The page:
On January 9, 2013, at least eighty-five people were injured when a high-speed ferry heading to New York City crashed into a dock in Manhattan. The impact tore a large gash in the bow of the 130 foot long ferry. At the time of the accident, the ferry was carrying 326 people, including five crew members. It was reported that at least two of the injured individuals sustained serious head wounds. The accident involved a ferry operated by Seastreak, which carries more than four hundred people each trip between New Jersey and a pier in New York City near Wall Street.
This crash is certainly tragic, and begs the question of whether it could have been prevented. In 2009, the same ferry was involved in another incident where it hit a dock. In that 2009 accident, the ferry sustained a two to three foot rip in its hull. Reports from witnesses and passengers indicated that the ferry did not slow down as it approached the dock. In addition, there were also major safety concerns because passengers were already standing and lined up to exit the ferry, despite not having safely docked yet. In fact, one of the seriously injuries was caused by a man being thrown down the stairs and striking his head on a window. Investigators were not immediately clear on what caused the crash and the National Transportation Safety Board deployed a team to the scene to conduct a full investigation.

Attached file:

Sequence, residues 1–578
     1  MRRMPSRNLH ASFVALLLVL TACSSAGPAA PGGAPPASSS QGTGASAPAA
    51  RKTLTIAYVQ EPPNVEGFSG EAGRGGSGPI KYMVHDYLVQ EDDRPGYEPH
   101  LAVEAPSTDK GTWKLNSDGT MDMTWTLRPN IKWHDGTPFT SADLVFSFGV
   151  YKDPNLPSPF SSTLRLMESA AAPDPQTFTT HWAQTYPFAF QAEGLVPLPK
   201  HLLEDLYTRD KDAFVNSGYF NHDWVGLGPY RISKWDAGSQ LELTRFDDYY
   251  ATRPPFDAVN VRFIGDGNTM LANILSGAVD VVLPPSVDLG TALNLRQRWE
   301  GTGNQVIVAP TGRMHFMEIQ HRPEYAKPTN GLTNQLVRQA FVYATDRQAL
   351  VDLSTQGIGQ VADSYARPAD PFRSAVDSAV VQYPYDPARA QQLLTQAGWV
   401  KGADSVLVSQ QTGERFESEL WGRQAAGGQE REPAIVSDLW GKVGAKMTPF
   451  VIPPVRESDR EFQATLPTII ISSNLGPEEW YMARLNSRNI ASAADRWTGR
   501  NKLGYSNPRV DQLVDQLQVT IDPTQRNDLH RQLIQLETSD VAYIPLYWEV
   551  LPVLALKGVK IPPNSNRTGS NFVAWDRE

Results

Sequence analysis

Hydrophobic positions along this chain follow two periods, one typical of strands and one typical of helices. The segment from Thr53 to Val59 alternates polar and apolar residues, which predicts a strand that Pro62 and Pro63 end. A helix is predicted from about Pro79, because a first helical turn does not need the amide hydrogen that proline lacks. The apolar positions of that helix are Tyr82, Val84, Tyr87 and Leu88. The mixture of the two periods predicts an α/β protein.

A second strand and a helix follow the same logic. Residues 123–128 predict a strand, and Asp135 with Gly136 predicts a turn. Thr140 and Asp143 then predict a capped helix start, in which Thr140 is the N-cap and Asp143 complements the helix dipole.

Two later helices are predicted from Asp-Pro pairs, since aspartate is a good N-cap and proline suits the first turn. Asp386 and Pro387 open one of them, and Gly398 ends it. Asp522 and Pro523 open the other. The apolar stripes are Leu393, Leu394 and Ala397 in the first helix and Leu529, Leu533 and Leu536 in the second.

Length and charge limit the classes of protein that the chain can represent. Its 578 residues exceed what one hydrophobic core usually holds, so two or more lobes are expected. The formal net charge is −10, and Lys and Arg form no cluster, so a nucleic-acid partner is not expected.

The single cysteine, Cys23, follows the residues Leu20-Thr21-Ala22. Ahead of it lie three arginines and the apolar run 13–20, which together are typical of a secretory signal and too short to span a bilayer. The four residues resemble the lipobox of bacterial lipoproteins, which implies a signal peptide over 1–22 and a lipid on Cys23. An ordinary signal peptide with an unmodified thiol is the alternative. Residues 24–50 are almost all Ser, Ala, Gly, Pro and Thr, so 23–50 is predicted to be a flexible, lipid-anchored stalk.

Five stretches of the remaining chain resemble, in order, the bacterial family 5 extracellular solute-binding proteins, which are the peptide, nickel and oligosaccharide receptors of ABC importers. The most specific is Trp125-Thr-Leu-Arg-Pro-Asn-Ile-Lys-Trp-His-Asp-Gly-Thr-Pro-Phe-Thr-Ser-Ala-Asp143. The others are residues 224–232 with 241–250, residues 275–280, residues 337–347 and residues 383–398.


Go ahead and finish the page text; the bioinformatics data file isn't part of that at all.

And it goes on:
Ferries, like trains and buses, are referred to as “common carriers.” A common carrier is a company that provides transportation to the general public without discrimination, usually under some sort of license or authority from a regulatory body. Unlike drivers of cars, common carriers owe a greater obligation to provide a higher level of safety to its passengers. Ferry owners or operators could be held liable if an accident occurs because the ferry was not properly maintained, was not compliant with safety regulations or if the ferry captain did not properly operate the ferry.
The January 9 ferry accident could lead to a number of lawsuits, brought for various alleged offenses. First, it seems very likely that the ferry operator and the crew were not properly following safety guidelines. Many witnesses and passengers reported that passengers were standing and walking toward the ferry’s off-ramp before the ferry was safely docked. The greater number of people standing, particularly in close proximity, likely lead to many injuries.
In addition, in light of the previous accident in 2009, the ferry’s operator may not have properly maintained the ferry. Since the ferry was already involved in a prior accident, the operator could have been on notice that such an incident may occur again. Witnesses also mentioned that the ferry did not slow down once it reached the dock, indicating some mechanical issues that possibly could have been prevented.
Finally, there will certainly be an investigation into the ferry captain’s operation of the ferry. If the ferry captain was not following proper procedure, or engaged in improper behavior, like texting on his cell phone, then he will likely be liable for the passengers’ injuries, along with the ferry’s operator.